Spin is not limited to political campaigns. It not only helps people to get elected, it helps them to stay in office and build public support for their programs. Whether in the city council, or in the U.S. Congress, spin is a big part of getting bills passed. When Tom Daschle took over as Senate majority leader in June 2001, he created a special “intensive care unit” for members of the media with questions on the pending patients’ bill of rights. Reported the Washington Post: “No media ICU would be complete without spin doctors, who will offer reporters quick rebuttals to attacks by the health care industry and its allies in Congress.”

But the political realm has no monopoly on spin. In fact, politicians may not even be the worst offenders:

Defense lawyers are paid to put the best possible spin on their client’s criminal behavior: “Yes, Your Honor, she did stab her husband 30 times with a butcher knife while he was watching the evening news, but she’s a good mother to her 6 children and she volunteers for the Red Cross every Saturday.”

Salesmen spin the supposed magic of their products: “This new vacuum cleaner actually makes housework fun!”

TV networks spin their nightly newscast: “Ten reasons why all children hate their parents. Tape at 11.”

Over cocktails, men and women spin their sex appeal: “No, actually, there’s no one in my life right now.” Meaning, of course, no one I want to tell you about.

And that’s just for starters. Look around you. Spin is in the air. There is a magazine called Spin. A Tom Lowe novel about politics called Spin. A TV show called Spin City. The Nation magazine advertises itself as “Spin Control.” There was a rock band called “Spin Doctors.” Howard Kurtz, media critic for the Washington Post, wrote a book about the White House called Spin Cycle. In June 2001, the mighty Smithsonian Institution sponsored a workshop on “Who Spins the News?”. And, during the 2000 election, conservative columnist Tucker Carlson and I hosted a popular nightly primetime show on CNN called The Spin Room.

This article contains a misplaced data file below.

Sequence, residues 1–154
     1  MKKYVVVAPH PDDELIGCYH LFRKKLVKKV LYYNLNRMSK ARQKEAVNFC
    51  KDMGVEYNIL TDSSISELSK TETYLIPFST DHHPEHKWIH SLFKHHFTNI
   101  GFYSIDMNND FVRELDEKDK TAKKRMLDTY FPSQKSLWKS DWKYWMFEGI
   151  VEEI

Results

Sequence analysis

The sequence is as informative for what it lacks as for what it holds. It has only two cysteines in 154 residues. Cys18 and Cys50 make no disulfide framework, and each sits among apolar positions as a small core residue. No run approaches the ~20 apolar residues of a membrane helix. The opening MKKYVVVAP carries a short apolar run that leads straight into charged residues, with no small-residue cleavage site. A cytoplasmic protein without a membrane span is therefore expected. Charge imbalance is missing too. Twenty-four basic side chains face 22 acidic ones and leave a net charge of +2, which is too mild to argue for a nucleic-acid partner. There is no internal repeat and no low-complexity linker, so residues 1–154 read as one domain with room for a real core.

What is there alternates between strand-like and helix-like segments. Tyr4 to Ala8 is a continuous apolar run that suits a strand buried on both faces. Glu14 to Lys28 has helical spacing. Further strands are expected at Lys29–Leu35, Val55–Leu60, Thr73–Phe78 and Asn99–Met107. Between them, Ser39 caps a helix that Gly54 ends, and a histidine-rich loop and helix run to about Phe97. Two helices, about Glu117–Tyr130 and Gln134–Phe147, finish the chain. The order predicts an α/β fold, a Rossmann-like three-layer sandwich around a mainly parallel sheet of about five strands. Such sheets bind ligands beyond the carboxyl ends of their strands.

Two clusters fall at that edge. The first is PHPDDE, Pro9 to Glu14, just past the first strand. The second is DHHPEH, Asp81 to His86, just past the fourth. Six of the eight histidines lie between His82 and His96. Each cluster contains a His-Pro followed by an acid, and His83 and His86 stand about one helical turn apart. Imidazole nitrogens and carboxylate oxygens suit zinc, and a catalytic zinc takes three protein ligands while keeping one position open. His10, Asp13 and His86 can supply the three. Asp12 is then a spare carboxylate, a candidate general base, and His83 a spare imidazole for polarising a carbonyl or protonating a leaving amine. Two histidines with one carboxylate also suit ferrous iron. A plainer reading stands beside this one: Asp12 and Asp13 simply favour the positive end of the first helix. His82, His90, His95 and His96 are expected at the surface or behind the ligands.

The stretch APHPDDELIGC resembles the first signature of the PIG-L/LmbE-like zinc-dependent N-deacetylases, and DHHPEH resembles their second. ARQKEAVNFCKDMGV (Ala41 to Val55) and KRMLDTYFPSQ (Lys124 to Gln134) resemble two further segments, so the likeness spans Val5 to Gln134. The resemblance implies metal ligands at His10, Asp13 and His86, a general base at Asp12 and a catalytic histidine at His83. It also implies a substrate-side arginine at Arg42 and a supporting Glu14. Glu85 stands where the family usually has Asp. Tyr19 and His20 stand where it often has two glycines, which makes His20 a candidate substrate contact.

Tucker and I compare spin to obscenity, and borrowing a phrase from Supreme Court Justice Potter Stewart, we may not be able to define it, but we know it when we see it. According to Tucker, spin is when you hear a politician say something so patently untrue that you want to throw a beer bottle at the TV set. As a former student of theology, I take a loftier road: spin is when somebody says something so outrageous that you expect God to send a bolt of lightning to strike the spinner dead on the spot.

Unfortunately, spin is not always so obvious. Sometimes, it’s much more insidious. When George W. Bush said that politics had nothing to do with his decision on stem-cell research, some people didn’t see the spin. Some people actually believed him.


Spin has its roots in what was first described as “Newspeak” by George Orwell in his novel 1984. (Orwell may have gotten the date wrong, but he was right about everything else.) In the totalitarian state he described, the ruling party controlled thought by controlling the language. The key was “doublethink,” as expressed in “doublespeak” — by which one says the exact opposite of what one means, yet ends up believing it to be true: “War Is Peace,” “Freedom Is Slavery,” and “Ignorance Is Strength.”